Global WarNing

“And God saw all the things he had made, and they were very good…And the Lord God took man and put him into the paradise of pleasure, to dress it and to keep it.” These extracts from Genesis (Douai) remind us that attention to global warming is not merely a practical matter but a moral obligation required by God.

We have discussed the issue on this Blog at a time when global warming was almost an open question. We are left with Trump continuing to remain sceptical, taking the USA out of the Paris Agreement and reversing moves to cut greenhouse gas emissions from coal fire power stations. I was convinced of the threat of global warming when a highly qualified physicist friend, some years ago, took me through the detailed projections and the evidence behind these.

You will all have read at least summaries of the latest UN panel report. It is essential to limit the temperature rise to 1.5̊C to avoid massive and damaging changes across the world. To do this would require changes in our diet, and a large drop in the level of CO2. And that means substantial changes in our lifestyle. There will be huge movements of emigrants from hotter countries, and many would die from drought and coastal flooding. And so on and so forth. While we have already addressed potential changes in our lifestyles, most of them are at no more than an infant stage.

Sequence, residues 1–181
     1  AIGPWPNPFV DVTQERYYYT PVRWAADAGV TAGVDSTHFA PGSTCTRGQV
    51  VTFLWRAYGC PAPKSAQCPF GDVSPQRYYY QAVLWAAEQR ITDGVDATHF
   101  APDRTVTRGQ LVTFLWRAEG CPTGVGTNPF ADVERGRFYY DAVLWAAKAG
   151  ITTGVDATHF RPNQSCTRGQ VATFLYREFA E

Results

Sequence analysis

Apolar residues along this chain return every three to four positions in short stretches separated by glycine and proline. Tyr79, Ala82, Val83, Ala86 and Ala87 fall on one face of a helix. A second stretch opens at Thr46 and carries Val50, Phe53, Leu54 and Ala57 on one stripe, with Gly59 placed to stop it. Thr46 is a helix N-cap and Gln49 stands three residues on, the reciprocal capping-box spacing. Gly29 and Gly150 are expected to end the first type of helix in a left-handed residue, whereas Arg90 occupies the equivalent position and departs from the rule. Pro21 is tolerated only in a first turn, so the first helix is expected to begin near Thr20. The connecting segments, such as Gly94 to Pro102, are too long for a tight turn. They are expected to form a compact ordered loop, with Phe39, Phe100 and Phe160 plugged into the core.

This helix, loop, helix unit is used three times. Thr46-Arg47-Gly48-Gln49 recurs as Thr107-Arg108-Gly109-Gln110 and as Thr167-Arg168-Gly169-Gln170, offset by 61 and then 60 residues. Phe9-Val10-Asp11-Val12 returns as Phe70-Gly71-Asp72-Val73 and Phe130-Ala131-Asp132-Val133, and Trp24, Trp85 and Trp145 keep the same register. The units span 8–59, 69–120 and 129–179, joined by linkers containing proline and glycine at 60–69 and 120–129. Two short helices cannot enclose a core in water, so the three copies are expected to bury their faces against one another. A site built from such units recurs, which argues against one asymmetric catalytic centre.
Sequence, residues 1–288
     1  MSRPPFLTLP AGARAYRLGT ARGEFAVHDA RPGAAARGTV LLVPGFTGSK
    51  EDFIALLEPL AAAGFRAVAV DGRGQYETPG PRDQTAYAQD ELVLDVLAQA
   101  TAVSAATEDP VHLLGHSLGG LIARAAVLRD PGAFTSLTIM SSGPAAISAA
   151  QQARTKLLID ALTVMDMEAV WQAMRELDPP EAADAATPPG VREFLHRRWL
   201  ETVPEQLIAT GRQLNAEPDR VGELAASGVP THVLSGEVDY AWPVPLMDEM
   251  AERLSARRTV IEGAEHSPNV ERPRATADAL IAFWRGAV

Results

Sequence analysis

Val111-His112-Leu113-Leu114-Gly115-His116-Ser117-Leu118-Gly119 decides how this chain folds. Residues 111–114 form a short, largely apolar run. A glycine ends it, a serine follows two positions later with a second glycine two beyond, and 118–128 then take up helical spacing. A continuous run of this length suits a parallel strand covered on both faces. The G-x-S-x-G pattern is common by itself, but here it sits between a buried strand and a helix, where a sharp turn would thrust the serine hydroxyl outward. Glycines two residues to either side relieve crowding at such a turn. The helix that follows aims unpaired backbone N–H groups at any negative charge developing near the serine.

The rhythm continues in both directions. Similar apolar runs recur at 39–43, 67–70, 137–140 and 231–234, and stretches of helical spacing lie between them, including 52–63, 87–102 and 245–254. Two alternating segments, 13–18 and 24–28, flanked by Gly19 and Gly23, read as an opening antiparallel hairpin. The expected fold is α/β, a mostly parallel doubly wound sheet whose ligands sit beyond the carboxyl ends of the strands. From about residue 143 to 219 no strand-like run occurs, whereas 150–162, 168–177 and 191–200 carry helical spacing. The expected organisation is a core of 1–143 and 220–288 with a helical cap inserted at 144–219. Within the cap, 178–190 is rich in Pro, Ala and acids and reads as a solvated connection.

So perhaps we could consider what we must be prepared to do in order to fulfil God’s requirement “to dress it and to keep it.” And are our personal choices enough? Should we be in active crusade to persuade others?

Posted in Bio-ethics, Climate Change, Quentin queries | Tagged | 5 Comments

A word for the wise

Some years ago I was leading a marketing project using large newspaper advertisements soliciting eager responses from the readers. I consulted the experts, and I found that there was an established comprehensive set of rules known to achieve the best results. It covered everything from choice of words to pictures to layout. It was emphasised that the product needed a sponsor of credibility whose photograph appeared prominently. While it was preferable, if expensive, to bribe the goodwill of a well-known person it was sufficient that he or she simply appeared trustable.  So how much weight do we put on appearances?

I start with a study which was published last month on the credibility of accents. It seems that we are less likely to believe an individual who has a foreign accent. Presumably we retain our credulity for those who seem to be like us. Johnnie foreigner is at least slightly suspicious. But then a second factor comes into play: if the foreigner speaks firmly and confidently our trust is restored. Interestingly, the two reactions come from different parts of the brain. But both are rooted in evolution: the first is the danger of the unknown, the second is our inbuilt respect for authority.